CANCER!!!!!! AAAARRRGH!!!!!! That word strikes fear into people's hearts, so much so that they will go for extreme, harsh treatments to "kill" the cancer rather than A) adopt an attitude of watchful waiting or B), even better, commencing Iodine supplementation. I can link you to lots of long, boring studies proving the effectiveness of Iodine against Breast Cancer cell lines...:)
Huge problem(from link below):
"Some cancers never cause symptoms or death, and can grow too slowly to ever affect patients. As it is impossible to distinguish between those and deadly cancers, any identified cancer is treated."
Bonus points for anyone that makes it all the way through this post:) That's where the good news is:)
One in three Breast Cancer patients identified in public screening programs may be treated unnecessarily, a new study says...
...Some cancers never cause symptoms or death, and can grow too slowly to ever affect patients. As it is impossible to distinguish between those and deadly cancers, any identified cancer is treated. But the treatments can have harmful side-effects and be psychologically scarring.
"This information needs to get to women so they can make an informed choice," Jorgensen said. "There is a significant harm in making women cancer patients without good reason."
Jorgensen said that for years, women were urged to undergo Breast Cancer screening without them being informed of the risks involved, such as having to endure unnecessary treatment if a cancer was identified, even if it might never threaten their health....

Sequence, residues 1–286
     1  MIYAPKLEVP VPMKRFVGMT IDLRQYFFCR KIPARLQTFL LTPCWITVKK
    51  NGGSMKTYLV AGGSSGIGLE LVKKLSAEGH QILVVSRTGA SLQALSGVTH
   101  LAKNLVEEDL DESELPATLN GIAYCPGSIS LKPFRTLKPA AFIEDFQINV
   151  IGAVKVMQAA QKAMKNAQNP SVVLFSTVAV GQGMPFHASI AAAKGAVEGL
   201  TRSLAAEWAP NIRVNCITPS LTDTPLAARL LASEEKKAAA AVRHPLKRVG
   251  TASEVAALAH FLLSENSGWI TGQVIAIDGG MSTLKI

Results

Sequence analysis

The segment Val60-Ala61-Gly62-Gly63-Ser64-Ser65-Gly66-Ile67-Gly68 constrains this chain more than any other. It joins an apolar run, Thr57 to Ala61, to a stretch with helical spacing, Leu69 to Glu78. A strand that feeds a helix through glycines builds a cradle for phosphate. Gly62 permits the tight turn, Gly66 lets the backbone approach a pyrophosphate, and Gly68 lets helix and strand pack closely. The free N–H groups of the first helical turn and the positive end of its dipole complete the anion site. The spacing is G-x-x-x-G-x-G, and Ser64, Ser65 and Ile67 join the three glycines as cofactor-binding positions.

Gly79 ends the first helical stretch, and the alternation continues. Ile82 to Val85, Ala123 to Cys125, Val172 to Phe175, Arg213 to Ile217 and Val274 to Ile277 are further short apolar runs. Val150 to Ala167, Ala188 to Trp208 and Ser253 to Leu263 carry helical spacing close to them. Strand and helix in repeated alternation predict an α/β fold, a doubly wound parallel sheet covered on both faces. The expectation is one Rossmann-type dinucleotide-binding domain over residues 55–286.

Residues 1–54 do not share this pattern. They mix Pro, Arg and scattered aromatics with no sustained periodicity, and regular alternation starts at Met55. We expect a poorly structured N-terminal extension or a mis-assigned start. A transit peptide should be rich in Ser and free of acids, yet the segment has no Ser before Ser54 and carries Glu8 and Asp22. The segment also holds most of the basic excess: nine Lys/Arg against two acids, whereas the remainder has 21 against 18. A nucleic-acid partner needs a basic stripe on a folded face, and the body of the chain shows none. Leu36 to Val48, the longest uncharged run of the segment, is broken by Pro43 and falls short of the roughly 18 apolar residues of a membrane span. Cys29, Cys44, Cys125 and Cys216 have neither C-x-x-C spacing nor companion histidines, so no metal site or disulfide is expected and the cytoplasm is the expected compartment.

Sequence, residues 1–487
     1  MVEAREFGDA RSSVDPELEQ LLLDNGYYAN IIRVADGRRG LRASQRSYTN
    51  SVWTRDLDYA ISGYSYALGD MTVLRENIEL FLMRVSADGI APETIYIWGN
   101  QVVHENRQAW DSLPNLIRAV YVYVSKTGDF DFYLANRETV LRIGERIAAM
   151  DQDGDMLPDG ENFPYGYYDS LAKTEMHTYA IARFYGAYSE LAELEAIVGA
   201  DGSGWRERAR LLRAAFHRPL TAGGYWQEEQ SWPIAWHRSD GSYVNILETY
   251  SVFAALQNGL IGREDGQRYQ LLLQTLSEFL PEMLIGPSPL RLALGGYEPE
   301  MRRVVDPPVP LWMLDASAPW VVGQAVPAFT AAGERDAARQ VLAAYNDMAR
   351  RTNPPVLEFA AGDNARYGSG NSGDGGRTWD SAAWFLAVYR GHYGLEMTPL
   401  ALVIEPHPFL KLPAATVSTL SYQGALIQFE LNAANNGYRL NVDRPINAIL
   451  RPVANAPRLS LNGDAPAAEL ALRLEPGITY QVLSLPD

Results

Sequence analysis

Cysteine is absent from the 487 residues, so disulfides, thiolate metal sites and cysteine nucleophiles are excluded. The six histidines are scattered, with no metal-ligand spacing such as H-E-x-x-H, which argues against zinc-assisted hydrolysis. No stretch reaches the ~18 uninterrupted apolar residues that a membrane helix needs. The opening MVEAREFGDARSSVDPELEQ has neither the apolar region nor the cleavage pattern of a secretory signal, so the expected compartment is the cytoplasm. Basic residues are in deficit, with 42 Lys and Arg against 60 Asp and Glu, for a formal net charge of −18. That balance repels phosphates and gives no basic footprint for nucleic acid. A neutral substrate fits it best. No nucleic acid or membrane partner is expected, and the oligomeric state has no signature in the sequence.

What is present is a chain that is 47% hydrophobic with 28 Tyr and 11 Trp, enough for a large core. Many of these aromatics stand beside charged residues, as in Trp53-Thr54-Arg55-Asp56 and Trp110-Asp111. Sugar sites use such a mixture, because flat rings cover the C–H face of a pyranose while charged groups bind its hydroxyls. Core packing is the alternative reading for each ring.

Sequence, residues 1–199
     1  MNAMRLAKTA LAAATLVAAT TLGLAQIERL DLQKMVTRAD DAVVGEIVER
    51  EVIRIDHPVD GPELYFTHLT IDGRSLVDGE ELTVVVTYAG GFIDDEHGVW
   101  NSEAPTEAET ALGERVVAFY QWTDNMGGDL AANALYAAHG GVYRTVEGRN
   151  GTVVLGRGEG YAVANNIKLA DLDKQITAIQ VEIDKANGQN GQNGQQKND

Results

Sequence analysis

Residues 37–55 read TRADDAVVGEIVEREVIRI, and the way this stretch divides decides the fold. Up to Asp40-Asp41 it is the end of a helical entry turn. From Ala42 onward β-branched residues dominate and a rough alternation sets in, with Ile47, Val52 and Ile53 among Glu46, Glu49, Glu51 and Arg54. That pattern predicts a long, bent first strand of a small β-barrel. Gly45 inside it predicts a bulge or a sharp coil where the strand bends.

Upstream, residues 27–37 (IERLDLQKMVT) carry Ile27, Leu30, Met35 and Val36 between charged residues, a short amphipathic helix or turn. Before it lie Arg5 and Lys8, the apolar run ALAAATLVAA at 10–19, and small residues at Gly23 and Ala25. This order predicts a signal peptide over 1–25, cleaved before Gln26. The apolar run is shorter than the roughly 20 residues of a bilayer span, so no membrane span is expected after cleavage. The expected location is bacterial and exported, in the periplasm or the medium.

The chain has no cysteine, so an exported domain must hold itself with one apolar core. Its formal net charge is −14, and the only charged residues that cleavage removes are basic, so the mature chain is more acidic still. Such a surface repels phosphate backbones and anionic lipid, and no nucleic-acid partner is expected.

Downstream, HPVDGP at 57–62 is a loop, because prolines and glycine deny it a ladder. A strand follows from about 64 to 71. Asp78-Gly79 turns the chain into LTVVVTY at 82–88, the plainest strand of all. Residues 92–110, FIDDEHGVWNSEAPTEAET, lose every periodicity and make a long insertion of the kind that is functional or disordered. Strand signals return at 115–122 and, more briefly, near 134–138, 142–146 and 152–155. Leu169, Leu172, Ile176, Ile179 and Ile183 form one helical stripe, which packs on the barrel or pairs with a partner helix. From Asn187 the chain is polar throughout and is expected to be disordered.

"When a mammogram detected a lump in Barbara Laufer's breast, the fear was paralyzing.
"You think you're going to die," says Laufer, 40, of Burbank, Calif.
Laufer was diagnosed with a perplexing condition called ductal carcinoma in situ, or DCIS, a growth of malignant cells inside the milk ducts of the breast. Though some doctors describe the condition to patients as a very early breast cancer, others compare it to a precancer.
Although the disease is almost never life-threatening, Laufer says the diagnosis put her life on hold.
She has had three surgeries, including two lumpectomies that disfigured her right breast. She spent seven weeks in daily radiation treatment. And she has had to delay trying to have children for five years while she takes a hormonal treatment called tamoxifen, which can cause birth defects.
"The huge effect from DCIS is that my life has to stop," says Laufer, who was diagnosed at 37 and recently began taking the drug. "I can't have babies. I'm going to have to wait until I'm 44½ until I can even find out if I can. It's just really poor timing for me."
More than 60,000 American women are diagnosed with DCIS each year. Doctors would like to spare these women from the rigors of cancer therapy, says breast oncologist Patricia Ganz, a professor at UCLA's Jonsson Comprehensive Cancer Center. But doctors today don't know enough about DCIS to tell a harmless tumor from one that could turn lethal. As a result, they tend to treat all women the same, regardless of the tumor's size.